Page last updated at 23:37 GMT, Friday, 5 February 2010

BAE Systems handed 286m criminal fines in UK and US

BAE Chairman Dick Olver: "We need to be a transparent, modern, clean company"

BAE Systems will admit two criminal charges and pay fines of £286m to settle US and UK probes into the firm.

It will hand over more than £250m to the US, which accused BAE of "wilfully misleading" it over payments made as the firm tried to win contracts.

The defence group will pay about £30m in the UK - a record criminal corporate fine - for separate wrongdoings.

The firm said the pleas did not relate to accusations of corruption or bribery but that it "regretted" shortcomings.

BBC business editor Robert Peston said that pleading guilty to criminal charges in Britain and the US was "a serious embarrassment" to BAE, the UK's largest manufacturer.

The US Department of Justice's charge is serious and damaging to BAE's reputation
Robert Peston

However, he added: "Although the fines will be seen by some as damaging to one of the UK's most significant companies, BAE's directors are relieved at what they see as a final settlement of a controversy that has dogged the company for years."

'Anti-bribery failures'

US and UK authorities have been investigating the case for about eight years, and it is believed to be the first time the two countries have co-ordinated such a corporate corruption "plea bargain".

THE STORY SO FAR...
The biggest probe into BAE focused on a £43bn contract to supply more than 100 fighter jets to Saudi Arabia. The deal began in 1985 but a National Audit Office investigation was suppressed in 1992
The SFO launched an investigation in 2004 into the allegations - including claims BAE was running a "slush fund" that offered sweeteners to Saudi royals and their intermediaries in return for lucrative contracts
This was dropped two years later amid political pressure from the UK and Saudi Arabia. BAE always denied any wrongdoing
In June 2007, BAE said it was being investigated by the US authorities over deals with Saudi Arabia
In July 2008, BAE pledged to implement recommendations from an independent review into its conduct
The SFO began new probes into whether BAE had used corruption to win contracts from countries including Tanzania, the Czech Republic and South Africa. Last year it asked the Attorney General to prosecute BAE as the sides could not agree what the firm would admit or the fine to be paid

In a deal with the US Department of Justice (DoJ), BAE admitted a charge of conspiring to make false statements to the US government.

A charge filed in a District of Columbia court contains details of substantial secret payments by BAE to an unnamed person who helped the UK firm sell plane leases to the Hungarian and Czech governments.

The DoJ also details services such as holidays provided to an unnamed Saudi public official and cash transfers to a Swiss bank account that it says were linked to the £40bn Al-Yamamah contract to supply military equipment to Saudi Arabia.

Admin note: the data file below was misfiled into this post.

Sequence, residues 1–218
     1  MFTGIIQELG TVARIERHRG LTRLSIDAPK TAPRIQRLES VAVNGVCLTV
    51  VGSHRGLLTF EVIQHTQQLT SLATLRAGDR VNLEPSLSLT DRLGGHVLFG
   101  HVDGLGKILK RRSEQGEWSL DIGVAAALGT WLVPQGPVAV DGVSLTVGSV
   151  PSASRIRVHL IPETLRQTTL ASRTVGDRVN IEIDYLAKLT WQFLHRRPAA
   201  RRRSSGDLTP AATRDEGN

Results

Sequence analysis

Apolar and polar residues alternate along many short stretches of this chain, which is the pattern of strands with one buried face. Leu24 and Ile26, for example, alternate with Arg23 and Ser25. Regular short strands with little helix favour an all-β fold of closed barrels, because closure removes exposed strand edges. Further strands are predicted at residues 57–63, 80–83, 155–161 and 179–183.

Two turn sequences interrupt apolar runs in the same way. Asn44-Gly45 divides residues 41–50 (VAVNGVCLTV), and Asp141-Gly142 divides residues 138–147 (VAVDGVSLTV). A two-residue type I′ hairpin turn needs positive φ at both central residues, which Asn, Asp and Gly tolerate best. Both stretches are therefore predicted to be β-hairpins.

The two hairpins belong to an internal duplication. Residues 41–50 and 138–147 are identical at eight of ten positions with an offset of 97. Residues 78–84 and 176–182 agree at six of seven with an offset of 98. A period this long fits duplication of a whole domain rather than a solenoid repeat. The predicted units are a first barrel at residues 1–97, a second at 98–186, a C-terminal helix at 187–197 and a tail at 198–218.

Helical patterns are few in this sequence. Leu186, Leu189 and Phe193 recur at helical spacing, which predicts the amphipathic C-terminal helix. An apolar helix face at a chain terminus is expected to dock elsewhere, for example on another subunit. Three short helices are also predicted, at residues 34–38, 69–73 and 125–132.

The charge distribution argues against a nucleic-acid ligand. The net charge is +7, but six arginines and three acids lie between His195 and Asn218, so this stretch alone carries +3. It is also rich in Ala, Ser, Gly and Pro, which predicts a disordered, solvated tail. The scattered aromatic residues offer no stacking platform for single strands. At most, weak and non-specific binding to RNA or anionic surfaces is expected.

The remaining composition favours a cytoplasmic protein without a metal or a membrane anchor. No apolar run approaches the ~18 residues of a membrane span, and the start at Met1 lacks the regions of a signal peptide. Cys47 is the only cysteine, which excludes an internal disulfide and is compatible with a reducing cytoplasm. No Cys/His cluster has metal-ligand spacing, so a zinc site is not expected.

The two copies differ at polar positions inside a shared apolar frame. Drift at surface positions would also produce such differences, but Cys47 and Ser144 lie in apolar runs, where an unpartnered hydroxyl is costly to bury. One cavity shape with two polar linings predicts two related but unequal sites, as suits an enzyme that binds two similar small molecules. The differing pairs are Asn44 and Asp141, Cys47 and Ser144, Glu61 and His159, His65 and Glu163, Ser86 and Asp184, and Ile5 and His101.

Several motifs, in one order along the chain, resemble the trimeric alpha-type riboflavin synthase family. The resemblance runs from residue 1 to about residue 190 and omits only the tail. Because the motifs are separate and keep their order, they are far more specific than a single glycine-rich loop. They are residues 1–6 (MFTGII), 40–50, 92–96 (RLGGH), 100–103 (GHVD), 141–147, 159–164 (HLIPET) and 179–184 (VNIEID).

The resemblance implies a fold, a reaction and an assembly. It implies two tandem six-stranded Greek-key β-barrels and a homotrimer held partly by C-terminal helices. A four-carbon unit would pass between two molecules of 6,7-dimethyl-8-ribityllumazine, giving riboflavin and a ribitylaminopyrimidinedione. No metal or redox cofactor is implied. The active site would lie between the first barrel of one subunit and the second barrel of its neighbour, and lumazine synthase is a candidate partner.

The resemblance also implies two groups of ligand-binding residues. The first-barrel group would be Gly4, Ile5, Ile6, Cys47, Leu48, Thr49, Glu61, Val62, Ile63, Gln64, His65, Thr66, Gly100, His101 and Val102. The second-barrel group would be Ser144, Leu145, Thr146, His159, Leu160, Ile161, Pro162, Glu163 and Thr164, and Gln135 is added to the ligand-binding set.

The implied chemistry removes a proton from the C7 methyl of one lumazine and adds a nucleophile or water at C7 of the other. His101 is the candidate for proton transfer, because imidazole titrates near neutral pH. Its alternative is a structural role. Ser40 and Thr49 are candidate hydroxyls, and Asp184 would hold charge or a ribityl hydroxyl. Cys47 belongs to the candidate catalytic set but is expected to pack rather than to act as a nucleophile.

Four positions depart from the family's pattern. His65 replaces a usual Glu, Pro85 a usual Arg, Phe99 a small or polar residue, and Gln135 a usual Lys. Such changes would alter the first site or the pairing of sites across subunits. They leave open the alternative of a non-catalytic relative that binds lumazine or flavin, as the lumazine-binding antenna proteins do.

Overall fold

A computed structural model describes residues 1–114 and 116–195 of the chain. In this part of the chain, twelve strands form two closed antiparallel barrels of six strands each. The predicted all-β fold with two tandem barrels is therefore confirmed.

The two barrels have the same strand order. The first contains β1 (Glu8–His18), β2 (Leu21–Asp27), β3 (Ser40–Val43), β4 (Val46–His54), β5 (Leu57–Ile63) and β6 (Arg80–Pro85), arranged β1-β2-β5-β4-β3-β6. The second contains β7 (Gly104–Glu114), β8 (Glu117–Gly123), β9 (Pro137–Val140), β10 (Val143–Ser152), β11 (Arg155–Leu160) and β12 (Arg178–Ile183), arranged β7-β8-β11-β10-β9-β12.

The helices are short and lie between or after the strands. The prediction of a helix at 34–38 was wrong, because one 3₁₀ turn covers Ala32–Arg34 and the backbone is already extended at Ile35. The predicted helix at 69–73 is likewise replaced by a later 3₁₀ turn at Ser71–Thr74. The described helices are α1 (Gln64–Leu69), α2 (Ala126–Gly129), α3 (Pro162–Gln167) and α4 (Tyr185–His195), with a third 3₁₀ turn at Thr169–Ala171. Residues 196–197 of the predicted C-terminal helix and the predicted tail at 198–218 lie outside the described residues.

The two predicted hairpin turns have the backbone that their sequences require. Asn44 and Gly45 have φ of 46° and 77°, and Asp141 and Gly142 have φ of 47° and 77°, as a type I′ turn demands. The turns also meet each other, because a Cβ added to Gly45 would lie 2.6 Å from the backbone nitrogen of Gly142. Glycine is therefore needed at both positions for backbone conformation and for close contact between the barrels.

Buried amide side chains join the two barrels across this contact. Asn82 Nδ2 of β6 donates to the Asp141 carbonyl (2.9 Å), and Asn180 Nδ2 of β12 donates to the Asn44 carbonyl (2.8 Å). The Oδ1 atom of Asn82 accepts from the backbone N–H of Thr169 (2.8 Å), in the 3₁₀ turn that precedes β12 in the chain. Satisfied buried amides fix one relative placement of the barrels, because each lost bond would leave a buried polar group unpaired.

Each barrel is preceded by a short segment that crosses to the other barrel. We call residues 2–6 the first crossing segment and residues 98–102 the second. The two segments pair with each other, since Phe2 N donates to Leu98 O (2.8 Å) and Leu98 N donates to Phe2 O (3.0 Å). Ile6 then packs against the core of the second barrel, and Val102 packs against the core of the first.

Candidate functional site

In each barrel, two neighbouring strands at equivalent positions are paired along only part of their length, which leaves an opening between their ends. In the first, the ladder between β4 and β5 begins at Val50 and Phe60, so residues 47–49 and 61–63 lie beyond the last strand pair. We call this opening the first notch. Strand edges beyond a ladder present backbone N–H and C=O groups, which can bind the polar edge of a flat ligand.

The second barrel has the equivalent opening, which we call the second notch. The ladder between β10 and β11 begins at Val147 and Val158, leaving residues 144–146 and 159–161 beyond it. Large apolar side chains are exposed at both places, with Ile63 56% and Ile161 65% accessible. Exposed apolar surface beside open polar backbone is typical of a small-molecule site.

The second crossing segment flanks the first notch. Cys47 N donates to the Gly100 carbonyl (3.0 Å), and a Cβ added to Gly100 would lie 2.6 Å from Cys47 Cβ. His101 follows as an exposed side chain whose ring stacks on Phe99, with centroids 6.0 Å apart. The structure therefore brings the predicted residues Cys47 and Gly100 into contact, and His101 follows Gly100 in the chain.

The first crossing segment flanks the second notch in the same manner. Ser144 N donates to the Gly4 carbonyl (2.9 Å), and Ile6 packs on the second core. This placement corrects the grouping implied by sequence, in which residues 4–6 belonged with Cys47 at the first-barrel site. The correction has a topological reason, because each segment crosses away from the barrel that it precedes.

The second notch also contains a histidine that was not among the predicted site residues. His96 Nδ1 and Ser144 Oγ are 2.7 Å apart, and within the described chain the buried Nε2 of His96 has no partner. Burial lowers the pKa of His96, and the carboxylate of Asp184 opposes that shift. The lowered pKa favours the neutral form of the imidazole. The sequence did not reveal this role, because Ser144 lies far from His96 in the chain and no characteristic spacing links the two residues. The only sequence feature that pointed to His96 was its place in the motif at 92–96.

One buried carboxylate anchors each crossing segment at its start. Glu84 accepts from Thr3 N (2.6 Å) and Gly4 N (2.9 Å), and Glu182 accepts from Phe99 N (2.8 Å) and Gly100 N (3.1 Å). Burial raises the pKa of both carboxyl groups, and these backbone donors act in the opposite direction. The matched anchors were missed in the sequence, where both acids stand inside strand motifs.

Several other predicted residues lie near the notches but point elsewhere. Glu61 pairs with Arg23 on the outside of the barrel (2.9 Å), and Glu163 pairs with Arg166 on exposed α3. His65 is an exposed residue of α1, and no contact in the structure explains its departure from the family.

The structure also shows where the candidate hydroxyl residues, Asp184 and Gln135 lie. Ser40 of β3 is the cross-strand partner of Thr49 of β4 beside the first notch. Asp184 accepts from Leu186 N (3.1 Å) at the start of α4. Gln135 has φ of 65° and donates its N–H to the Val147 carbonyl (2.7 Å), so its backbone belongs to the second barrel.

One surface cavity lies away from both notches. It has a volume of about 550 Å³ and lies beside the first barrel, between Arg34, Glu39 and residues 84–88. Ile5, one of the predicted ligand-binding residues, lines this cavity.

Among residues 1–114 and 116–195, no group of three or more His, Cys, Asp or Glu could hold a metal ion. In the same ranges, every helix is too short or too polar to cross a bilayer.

The DoJ gave a damning condemnation of BAE, which it said had accepted "intentionally failing to put appropriate, anti-bribery preventative measures in place", despite telling the US government that these steps had been taken.

It then "made hundreds of millions of dollars in payments to third parties, while knowing of a high probability that money would be passed on to foreign government decision-makers to favour BAE in the award of defence contracts", the DoJ said.

There was also an infringement of restrictions on the supply of sensitive US technology in deals to supply aircraft in Hungary and the Czech Republic.

BAE has also reached agreement with the UK Serious Fraud Office (SFO) to plead guilty to a breach of duty to keep accounting records.

The British charge stems from a $39.5m (£25.2m) contract signed in 1999 to supply a radar system to Tanzania, and relates to payments to a former marketing adviser in the east African country.

Part of the fine will be a charity payment which will go to Tanzania.

'Line drawn'

The SFO said the settlement brought an end to its probe into BAE.

The last of the offences was committed in 2002, and BAE says it has since reformed the way it conducts business.

"We're satisfied with that global settlement," said chairman Dick Olver.

BBC business editor Robert Peston: "This is a very serious embarrassment"

"It allows us to draw a very heavy line under the legacy, the historical issues. We're obviously pleased to see uncertainty removed for our shareholders."

Transparency International UK, which campaigns against corporate and government corruption welcomed the announcement.

"It's important for companies to receive large fines if they have engaged in unethical behaviour," said executive director Chandrashekhar Krishnan.



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